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Tip #10 – Improve Results with Global Suppression Lists

Tip #10 – Improve Results with Global Suppression Lists

Keeping people out of your campaigns is just as important as putting people in.

Word cloud for Suppression list

As part of our top tips series, we have released ten marketing automation tips to make you a little more productive. Like presents, some are small, some are big–but enjoy them all.

Tip #10 – Improve Results with Global Suppression Lists

When we think of targeted lists, we tend to think about who the campaign is targeting. For example, a mailing might drop to:

  • Leads with C-level titles
  • Leads located in the US eastern region
  • Leads in the finance industry

Just as important as who is targeted, smart marketers should consider who shouldn’t receive the campaign.

Why Develop a Global Mailing Suppression List?

1) Reduce Risk of Marketing to the Wrong People

Erasing Oops !

Yes, most marketing automation systems automatically pull out unsubscribe and undeliverables. But what about others that your organization wants to avoid? What do you do with customers? with disqualified? with competitors?

2) Get the Count

Count

I frequently see marketers get asked from the executive team before the mailing drops “How many people will receive the mailing?”

Some marketers run the target list but neglect to take out all of the unsubs and undeliverables (I’ve seen as much of a 50% difference). The end result is the precampaign numbers are over inflated, yet they are still discussed among the executive team. That process is obviously not a recipe for success.

3) Get Accurate Insights

Businessman holding diagram cloud

By developing a precise target list and a global suppression list, that brings down the number of eligible people tracked through your system.

So when your organization runs its click-through rates and other metrics, the reports will provide better accuracy.

4) Don’t Rely on Memory

Brain memory

If you look at ten different campaigns, you’ll notice various suppression list versions. Marketers frequently ask themselves, “Should I suppress these people or not?” every time a mailing is created. When an organization goes beyond the standard unsub suppressions, the process can get complex quickly and lead to inconsistencies.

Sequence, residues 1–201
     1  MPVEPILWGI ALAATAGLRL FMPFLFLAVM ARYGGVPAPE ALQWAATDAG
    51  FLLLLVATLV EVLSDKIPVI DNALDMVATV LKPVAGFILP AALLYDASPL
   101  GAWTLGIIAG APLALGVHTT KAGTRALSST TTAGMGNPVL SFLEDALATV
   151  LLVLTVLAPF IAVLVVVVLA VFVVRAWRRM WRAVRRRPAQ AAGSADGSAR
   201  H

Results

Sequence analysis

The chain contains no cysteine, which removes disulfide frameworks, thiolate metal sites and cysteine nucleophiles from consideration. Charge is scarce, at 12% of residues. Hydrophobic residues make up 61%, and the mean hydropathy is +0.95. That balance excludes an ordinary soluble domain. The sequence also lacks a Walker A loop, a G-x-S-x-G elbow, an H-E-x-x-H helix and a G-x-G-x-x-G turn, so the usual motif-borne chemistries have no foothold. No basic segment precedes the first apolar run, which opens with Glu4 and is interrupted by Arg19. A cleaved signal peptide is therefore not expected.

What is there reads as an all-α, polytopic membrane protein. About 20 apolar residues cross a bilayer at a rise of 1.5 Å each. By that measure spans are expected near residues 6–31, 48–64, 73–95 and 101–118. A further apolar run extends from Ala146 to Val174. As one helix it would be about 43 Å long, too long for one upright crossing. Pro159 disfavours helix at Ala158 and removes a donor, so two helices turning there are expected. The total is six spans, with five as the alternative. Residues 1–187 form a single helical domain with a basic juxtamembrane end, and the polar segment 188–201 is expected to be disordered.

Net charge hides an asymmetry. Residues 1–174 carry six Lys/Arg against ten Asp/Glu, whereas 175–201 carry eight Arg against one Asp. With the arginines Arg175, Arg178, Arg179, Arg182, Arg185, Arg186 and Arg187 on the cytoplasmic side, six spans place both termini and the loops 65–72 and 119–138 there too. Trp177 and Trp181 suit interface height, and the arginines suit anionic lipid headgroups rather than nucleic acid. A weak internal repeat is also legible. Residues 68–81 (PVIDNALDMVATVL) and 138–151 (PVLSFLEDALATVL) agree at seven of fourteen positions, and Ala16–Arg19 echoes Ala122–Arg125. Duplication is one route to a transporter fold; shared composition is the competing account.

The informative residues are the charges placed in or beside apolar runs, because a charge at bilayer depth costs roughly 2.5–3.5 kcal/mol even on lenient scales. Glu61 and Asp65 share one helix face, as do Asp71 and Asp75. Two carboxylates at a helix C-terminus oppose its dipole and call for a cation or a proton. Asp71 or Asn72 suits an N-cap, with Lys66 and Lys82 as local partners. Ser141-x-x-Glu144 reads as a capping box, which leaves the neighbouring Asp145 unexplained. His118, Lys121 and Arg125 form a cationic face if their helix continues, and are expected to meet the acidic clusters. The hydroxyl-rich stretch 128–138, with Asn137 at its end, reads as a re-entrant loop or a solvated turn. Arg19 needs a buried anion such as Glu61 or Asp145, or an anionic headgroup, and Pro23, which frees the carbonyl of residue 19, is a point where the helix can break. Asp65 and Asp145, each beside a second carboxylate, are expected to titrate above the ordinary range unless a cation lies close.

Creating a global suppression list allows organizations to build the list once so the marketing team members do not have to continuously rebuild the logic within the individual campaigns.

Develop the Global Mailing Suppression List

NO

A best practice is to develop a Global Mailing Suppression List and include it as part of every mailing campaign. In addition to obtaining more accurate numbers and metrics, this list reduces the risk of mailing people who shouldn’t receive emails.

If using Marketo, develop this list within the lead database as a Smartlist. You might want consider running a nightly campaign to edit membership in a static list to improve performance (Big complex Smartlists can slow down a mailing).

Here are a few filters to consider for your Global Mailing Suppression List.

Definitely Include in the Suppression List

  • Unsubcribes
  • Undeliverables
  • Blacklist
  • Marketing suspended
  • Leads where the email address is empty

For Discussion

  • Competitors
  • Customers
  • Problem accounts
  • Do not call list
  • Leads in certain stages (Disqualified, Opportunity)
  • Sales generated leads (Leads that reps add manually to the system without an opt-in)

Other Notes

Looking ahead, create the Global Mailing Suppression List separate from a Global Scoring Suppression List. In some cases, organizations may want to score leads as part of the lead lifecycle process but not mail to them. Creating a separate global list provides marketers with that flexibility. I’ll cover the importance of a Global Scoring Suppression List in a future post.

Other Tips from the Series

Read Them All

About Jeff Coveney

Jeff is an accomplished marketing expert with more than 20 years success in generating demand and creating buzz for leading technology organizations. Jeff is the founder of RevEngine Insider and regularly consults via RevEngine Marketing.